- Naveen's bungled attempt to propose to Tiana in The Princess and the Frog has him attempting to show her how much she means to him by saying that, rather than being like the "thousands" of women that he's gone out with, Tiana's different because she's "one of the guys".
- King Kong (1933) doesn't even try to hide the misogyny. To be fair, it was the '30s.
Jack: I guess I love you.
Anne: Why, Jack! You hate women!
Jack: Yeah, I know. But you aren't women.
- Miss Congeniality tackles this in a good way. Gracie Hart is a tomboy and Lad Ette through and through, who views all the pageant contestants as bimbos. But as she gets to know them she becomes good friends with several of them and gains a lot of respect for both the girls and herself in the process, as by the end of the movie she's still a badass FBI agent and considerably more well-groomed and refined, showing that you can be both and they are not mutually exclusive.
- Fighting with My Family does this in a similar way. Saraya is contrasted with some more conventionally attractive model-turned-wrestlers in WWE developmental and feels out of place so she alternates between trying to imitate their looks and assuming they're a Girl Posse making fun of her. She also views them as Hired for Their Looks who don't care about wrestling and are only looking for a stepping stone to fame. Then she learns that one of the girls has a daughter she's missing time with to train, and decides to use her experience to help them improve their own talents - while also staying true to her own style.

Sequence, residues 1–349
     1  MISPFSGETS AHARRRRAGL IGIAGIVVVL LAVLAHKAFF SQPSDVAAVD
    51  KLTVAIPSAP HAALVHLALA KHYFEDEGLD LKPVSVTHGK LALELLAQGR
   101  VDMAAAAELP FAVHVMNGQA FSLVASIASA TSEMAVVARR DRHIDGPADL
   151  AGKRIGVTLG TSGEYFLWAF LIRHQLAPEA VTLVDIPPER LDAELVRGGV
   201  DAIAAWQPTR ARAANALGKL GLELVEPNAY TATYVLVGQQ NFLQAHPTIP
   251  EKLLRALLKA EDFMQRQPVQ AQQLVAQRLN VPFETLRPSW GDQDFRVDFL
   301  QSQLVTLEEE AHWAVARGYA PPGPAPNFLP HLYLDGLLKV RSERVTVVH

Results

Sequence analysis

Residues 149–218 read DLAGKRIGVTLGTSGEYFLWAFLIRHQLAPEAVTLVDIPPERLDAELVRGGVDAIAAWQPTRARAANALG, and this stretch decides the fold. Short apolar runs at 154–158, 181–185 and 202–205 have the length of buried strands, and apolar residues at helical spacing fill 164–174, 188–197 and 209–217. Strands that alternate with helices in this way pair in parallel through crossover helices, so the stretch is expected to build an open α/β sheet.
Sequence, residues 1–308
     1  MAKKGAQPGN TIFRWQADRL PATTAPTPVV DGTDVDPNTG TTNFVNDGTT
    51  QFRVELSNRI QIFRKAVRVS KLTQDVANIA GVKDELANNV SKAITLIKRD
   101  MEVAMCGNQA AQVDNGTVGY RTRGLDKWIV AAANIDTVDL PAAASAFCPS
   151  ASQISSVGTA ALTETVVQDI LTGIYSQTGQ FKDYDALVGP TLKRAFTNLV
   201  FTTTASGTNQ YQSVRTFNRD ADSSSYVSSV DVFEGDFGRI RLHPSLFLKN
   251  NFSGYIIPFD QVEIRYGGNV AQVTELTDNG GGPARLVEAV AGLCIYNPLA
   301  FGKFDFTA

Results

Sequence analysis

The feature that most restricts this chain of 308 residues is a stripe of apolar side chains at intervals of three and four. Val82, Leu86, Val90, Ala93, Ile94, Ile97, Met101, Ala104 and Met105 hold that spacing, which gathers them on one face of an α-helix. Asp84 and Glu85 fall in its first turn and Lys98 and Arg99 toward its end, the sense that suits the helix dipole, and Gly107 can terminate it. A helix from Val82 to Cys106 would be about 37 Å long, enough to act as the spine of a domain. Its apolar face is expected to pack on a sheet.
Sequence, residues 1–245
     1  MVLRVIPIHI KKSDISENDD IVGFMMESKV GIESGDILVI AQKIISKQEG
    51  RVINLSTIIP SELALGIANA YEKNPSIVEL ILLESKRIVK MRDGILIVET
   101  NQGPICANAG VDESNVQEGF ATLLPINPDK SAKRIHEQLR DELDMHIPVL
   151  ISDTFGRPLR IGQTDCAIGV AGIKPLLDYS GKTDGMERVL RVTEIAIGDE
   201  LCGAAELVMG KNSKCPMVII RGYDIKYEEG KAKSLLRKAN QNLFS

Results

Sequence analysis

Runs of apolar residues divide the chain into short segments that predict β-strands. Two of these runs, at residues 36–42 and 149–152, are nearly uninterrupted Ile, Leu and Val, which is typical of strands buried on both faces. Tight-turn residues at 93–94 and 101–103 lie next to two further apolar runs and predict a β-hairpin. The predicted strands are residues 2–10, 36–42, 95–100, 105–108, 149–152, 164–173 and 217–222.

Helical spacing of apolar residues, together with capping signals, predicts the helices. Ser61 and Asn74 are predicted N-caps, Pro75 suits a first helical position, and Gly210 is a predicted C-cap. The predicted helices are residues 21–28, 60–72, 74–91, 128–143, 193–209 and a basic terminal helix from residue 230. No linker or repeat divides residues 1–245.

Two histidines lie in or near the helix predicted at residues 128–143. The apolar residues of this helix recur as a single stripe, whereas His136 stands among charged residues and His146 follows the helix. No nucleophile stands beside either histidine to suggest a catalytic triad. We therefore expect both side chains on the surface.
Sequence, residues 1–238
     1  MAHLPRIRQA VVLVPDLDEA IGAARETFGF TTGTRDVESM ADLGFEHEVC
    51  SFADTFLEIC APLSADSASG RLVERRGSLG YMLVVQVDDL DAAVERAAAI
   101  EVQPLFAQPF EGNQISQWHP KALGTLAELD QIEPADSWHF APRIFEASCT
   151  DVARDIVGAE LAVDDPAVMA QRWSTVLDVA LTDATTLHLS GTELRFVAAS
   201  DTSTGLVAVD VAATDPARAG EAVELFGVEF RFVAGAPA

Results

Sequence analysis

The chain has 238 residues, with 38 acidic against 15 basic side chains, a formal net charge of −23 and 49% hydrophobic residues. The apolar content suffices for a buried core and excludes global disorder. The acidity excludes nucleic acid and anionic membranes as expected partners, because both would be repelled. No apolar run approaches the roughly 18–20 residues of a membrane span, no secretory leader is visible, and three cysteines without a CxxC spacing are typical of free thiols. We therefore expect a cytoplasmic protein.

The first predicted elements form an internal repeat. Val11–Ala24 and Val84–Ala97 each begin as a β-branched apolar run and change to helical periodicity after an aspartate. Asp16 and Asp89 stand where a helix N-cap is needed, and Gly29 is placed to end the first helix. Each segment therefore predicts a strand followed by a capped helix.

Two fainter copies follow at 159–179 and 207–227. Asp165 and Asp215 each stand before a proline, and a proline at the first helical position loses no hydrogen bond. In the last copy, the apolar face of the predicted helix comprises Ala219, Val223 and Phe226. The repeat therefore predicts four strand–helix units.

- In Molly's Game, multiple guests at her poker games profess their love for Molly. It happens so often that it becomes extremely frustrating to her. She finally breaks it down for Douglas Downey that they only like her because she is the "anti-wife": She encourages their gambling addictions, their drinking, and she has them served by beautiful women. It's not Molly that they fall in love with, it's the environment.
- The Nutcracker and the Four Realms's heroine is a girl who doesn't want to be feminine in the Victorian period, so of course turns out to be a Badass Princess - and is put in comparison to a Girly Girl.
- In Small Soldiers part of bonding between Alan and Christie is, after finding out she likes Led Zeppelin, remarking she's not like regular girls. This gets him a smile from her. It seems there's some of this in-universe, as Christie has a massive doll collection and seems to be embarrassed about it.
- Peaceable in The Sherwood Ring proposes to Barbara (after she's tricked him into drinking sleeping drops) specifically because she's the only woman he's met who didn't act stupid in front of him. In Peaceable's defense, acting ditsy was the fashion among young women at the time. "I refuse to marry until I meet a woman as intelligent as I am—and not before." Point proven, Barbara.
- Subverted — in fact, run through with a sword, repeatedly and with prejudice — in all books of the Tortall Universe by Tamora Pierce. The books are Feminist Fantasy, but it's pointed out multiple times over the series that there are many kinds of girls in the world and that being one is nothing to be ashamed of, whether you're The Chick or an Action Girl. In Squire, Lady Alanna notes that people think of her this way so that they don't have to challenge their assumptions of women as a whole, hence why no one tried out for knighthood until Keladry came along and proved it was attainable for any girl, not just a "special" one.